When I started following Governor Brian Sandoval, the only thing I knew of the Brodhead history in Nevada was the transcontinental railroad and telegraph. I did not know that we also voted for an funded the Fremont/Carson expeditions or the military road between Salt Lake City and Las Vegas. I did not know that we funded the original Utah capitol building, the Utah territory, and copious military roads and government buildings. I did not know that the Nevada Constitution was tapped out in Morse code on the Telegraph we funded.
This last trip to Pahrump was quite special. The mountains across Nevada were covered in snow. The normal desert panorama of the desert mountains were transformed into 15 individual Alps like mountain ranges. I had never been through Smoky valley or Pine Valley. I was amazed at the large farming operations in the valleys along highway 278 north of Eureka. I never knew that Nevada had so many valleys with rich water reserves just below the surface. The Nevada Mountain valleys from Austin to Ely and Elko to Winnemucca are full of aquifer water.
When I drove west from Carlin on I-80, the beauty of Battle Mountain, the Crescent valley, and the mountains around Winnemucca were breath taking, and shrouded in mist. To the north of the highway was the transcontinental railroad and the Humboldt river snaking through the water rich valley. Remnants of earlier telegraph poles could still be seen . As I overtook a train on the railroad in the sprinter van , the engineer gave us several blasts from his horn. The paranoid schizophrenic aspect of my being thought he was thanking the Brodheads for the railroad. Just a few years ago, Brian Sandoval kicked off his re-election campaign in a railroad car on the transcontinental railroad. He would also bury a time capsule on my birthday and the day Lincoln was laid to rest.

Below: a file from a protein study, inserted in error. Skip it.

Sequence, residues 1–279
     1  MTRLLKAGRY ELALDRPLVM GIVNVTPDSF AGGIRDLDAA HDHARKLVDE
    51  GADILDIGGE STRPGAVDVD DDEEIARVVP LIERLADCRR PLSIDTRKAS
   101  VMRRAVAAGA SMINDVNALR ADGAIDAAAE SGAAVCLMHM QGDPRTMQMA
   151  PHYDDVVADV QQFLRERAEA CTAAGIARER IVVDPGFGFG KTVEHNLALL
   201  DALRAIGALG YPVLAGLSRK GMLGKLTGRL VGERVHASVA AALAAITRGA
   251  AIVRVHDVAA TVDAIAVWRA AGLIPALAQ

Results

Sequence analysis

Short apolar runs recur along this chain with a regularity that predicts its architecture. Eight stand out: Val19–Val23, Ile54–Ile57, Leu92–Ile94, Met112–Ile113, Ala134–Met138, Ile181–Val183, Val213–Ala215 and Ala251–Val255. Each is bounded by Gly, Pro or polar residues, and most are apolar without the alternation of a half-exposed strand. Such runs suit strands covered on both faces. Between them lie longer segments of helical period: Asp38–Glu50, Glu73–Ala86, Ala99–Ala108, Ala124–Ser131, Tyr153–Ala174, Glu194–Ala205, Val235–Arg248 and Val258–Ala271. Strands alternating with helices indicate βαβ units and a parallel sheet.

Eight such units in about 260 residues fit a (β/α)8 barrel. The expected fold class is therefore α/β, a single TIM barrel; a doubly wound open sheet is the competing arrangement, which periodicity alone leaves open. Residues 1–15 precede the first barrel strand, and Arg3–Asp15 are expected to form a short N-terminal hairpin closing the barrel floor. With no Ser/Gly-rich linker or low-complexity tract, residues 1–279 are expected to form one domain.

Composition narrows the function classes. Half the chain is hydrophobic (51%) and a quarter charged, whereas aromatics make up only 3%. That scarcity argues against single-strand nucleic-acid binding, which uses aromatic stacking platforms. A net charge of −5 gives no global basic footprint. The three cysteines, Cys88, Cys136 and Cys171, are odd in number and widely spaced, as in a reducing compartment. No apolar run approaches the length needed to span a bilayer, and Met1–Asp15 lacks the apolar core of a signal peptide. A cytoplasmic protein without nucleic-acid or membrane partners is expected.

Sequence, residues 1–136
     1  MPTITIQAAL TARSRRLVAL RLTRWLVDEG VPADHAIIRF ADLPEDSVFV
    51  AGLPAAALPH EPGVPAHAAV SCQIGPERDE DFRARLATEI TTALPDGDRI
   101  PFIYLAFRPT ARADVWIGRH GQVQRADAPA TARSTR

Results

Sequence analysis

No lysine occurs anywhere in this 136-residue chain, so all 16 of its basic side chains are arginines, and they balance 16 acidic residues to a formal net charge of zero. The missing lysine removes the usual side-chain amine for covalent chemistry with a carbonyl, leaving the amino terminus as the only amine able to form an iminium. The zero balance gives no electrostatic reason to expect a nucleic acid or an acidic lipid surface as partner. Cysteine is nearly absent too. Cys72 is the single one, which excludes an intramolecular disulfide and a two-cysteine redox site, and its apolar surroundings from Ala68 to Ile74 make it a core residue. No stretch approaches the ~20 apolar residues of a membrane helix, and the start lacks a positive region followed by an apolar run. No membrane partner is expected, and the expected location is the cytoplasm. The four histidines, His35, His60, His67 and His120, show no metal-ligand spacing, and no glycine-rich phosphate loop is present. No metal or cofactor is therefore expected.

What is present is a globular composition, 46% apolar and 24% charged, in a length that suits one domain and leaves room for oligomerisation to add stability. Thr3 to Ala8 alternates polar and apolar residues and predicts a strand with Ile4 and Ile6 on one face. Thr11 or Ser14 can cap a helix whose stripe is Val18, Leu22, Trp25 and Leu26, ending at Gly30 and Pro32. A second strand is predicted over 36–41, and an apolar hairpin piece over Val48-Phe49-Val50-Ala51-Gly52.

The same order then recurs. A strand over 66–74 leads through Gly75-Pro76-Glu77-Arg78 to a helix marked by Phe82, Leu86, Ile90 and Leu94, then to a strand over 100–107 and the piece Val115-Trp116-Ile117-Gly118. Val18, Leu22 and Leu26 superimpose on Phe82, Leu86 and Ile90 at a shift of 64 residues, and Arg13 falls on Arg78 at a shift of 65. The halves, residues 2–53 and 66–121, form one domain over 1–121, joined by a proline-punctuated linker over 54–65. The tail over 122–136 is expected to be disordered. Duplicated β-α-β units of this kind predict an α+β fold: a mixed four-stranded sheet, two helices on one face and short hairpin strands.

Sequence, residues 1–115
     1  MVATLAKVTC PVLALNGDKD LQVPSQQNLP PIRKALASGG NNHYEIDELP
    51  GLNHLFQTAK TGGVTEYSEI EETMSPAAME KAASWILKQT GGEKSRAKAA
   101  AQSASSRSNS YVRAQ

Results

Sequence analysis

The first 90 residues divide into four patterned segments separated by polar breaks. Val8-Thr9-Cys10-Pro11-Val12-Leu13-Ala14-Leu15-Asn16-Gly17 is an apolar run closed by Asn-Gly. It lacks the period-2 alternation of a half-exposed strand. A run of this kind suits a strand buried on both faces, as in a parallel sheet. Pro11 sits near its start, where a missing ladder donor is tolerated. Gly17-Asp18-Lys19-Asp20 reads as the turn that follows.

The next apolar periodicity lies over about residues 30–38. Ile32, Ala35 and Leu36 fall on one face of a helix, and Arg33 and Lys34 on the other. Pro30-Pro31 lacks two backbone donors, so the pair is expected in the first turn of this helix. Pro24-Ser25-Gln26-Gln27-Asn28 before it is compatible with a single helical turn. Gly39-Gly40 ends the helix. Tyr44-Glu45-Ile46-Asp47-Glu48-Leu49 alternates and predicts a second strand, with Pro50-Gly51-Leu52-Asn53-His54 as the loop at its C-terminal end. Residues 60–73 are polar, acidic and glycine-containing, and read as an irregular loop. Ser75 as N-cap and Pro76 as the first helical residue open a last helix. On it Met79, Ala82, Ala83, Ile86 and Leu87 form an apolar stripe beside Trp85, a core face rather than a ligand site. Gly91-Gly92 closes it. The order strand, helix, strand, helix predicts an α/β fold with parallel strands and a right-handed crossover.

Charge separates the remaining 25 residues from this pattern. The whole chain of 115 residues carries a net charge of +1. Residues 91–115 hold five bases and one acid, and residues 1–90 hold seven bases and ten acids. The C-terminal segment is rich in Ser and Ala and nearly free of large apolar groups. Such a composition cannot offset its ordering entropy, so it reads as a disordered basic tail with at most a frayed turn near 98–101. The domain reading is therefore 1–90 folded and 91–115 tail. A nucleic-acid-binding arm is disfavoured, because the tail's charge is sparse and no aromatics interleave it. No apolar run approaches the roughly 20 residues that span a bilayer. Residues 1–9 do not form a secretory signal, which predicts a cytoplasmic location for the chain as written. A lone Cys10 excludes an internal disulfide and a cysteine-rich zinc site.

Once in Winnemucca, we would turn north and head for Denio where we would spend the night. In the morning, we would head to Oregon via highway 140. The view from the road would be awesome.
Anyways, this trip, I was able to travel hundreds of miles on the Nevada roads that I had never traveled. I saw rich valleys that I thought were dry areas. This trip changed my knowledge of Nevada in a good way….. In Austin, we spent the night in the park for free. The next morning, we would have breakfast at the Toiyabe cafe. Then it was off down the Smoky valley, Tonopah and Goldfield.
I am not a Southern Nevada kind of guy. Having been raised in Hawthorne, I consider myself a Northern Nevadan. I prefer the refreshing mountains,valleys, and streams of the “Real Nevada” over the stench of Southern Nevada casinos.
Lastly, thanks for the new roadside rest area at Sacramento pass. There used to be good fishing there when the pond was rimmed with cat tails. Now that it is open, I wonder what the fishing is like. Tweet me when the pond is stocked…. Oh and the Steptoe surveys were also voted for and funded by Brodheads. Wheeler peak was once named Davis peak. Brodhead was married to Jefferson Davis’s niece.
Of course, we also purchased the land that Bethlehem steel sat on. They would produce the steel that built the USS Nevada. Just as the USS nevada would be refloated after Pearl harbor, Sandy would facilitate the re-floating of the Nevada economy after the Bush dynasty almost sunk us. We are now underway with a full head of steam.